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Justin Penner

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Justin Penner
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  • Re: Kabella revival — Koch's swash cap/sans-serif design

    @George Thomas You're right—I have a copy of a 1935 type catalogue that includes it as Grotesk-Initialen. I just meant it didn't have a unique name like Kabel or Wallau or Jessen. My understanding is that Grotesk-Initialen essentially just means "capitals for sans serif".

    @Andreas Stötzner I appreciate the warning, but could you elaborate on the inherent flaws in Koch's design?

    Probably my main motivation for doing this project, besides the learning experience, is that I really like Koch's work and this design in particular, and I think it's worthwhile to preserve it and make it available for anyone that may want to use it, rather than sitting in a book in a museum where few designers will ever get to see it. I'm happy to release it with any inherent flaws it might have, but anything I can fix while still preserving the character of the design, or by adding alternates, would be fantastic. I do really have an appreciation for the idiosyncrasies in Koch's designs.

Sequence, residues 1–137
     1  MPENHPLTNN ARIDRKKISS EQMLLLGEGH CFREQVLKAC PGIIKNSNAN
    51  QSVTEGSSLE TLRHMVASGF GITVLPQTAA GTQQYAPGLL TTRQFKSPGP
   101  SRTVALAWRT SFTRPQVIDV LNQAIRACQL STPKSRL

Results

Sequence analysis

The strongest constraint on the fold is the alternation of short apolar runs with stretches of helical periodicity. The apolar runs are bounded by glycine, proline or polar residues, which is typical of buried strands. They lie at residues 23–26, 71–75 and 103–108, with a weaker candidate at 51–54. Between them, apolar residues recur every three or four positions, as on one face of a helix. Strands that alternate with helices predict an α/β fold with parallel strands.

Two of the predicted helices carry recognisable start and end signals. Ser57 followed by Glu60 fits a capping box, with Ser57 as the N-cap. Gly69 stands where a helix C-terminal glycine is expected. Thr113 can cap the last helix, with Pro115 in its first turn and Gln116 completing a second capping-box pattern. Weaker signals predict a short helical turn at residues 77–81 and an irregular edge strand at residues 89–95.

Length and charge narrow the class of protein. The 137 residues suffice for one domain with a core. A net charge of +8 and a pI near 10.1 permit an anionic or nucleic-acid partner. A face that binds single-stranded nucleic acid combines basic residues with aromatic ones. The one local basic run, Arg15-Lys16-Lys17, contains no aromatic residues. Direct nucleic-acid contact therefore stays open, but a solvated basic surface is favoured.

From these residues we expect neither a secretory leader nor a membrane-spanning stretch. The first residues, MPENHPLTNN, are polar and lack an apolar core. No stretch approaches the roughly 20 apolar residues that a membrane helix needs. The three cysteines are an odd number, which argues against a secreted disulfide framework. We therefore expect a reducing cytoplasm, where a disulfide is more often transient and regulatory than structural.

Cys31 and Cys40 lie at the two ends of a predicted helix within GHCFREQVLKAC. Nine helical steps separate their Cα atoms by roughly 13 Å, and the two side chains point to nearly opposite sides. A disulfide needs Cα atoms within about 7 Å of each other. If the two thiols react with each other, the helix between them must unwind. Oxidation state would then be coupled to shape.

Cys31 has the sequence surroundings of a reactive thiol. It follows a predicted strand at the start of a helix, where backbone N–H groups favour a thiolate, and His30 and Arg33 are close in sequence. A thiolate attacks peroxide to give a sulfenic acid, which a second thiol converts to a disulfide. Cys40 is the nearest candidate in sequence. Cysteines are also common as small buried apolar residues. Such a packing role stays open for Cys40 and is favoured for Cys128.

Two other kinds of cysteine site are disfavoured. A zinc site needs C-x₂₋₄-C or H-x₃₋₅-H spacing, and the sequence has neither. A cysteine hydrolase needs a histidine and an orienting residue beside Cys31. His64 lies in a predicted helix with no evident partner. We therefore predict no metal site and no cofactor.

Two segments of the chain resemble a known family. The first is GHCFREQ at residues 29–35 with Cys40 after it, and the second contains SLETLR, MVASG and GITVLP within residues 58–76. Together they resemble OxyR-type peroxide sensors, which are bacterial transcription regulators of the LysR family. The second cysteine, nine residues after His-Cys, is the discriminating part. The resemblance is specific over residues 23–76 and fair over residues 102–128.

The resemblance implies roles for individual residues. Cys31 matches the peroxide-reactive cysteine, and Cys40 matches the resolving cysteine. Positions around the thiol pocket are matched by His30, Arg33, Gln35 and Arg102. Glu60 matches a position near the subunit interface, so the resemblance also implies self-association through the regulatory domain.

• Kabella revival — Koch's swash cap/sans-serif design

    I've been working on this as a student project, and I'm at the point where it's looking pretty good to me, but I'm hoping someone with more experienced eyes can point out the flaws I'm missing.

    I've done upper/lower/figures/punctuation and extended western European so far. Most are based on the specimen I managed to get a copy of, but I filled in a lot of missing characters myself, inspired by the various existing versions of Kabel. I haven't done any kerning yet, but the sidebearings are working reasonably well.

    I'm also really curious whether anyone has even seen this design before. It's Rudolf Koch's swash capitals designed to pair with lowercase Kabel—it was never given its own name (Kabella is my name for the revival) and there seems to be very little information available about it. He really seemed to love mixing different styles of upper and lowercase. Koch was really a fascinating character (no pun intended).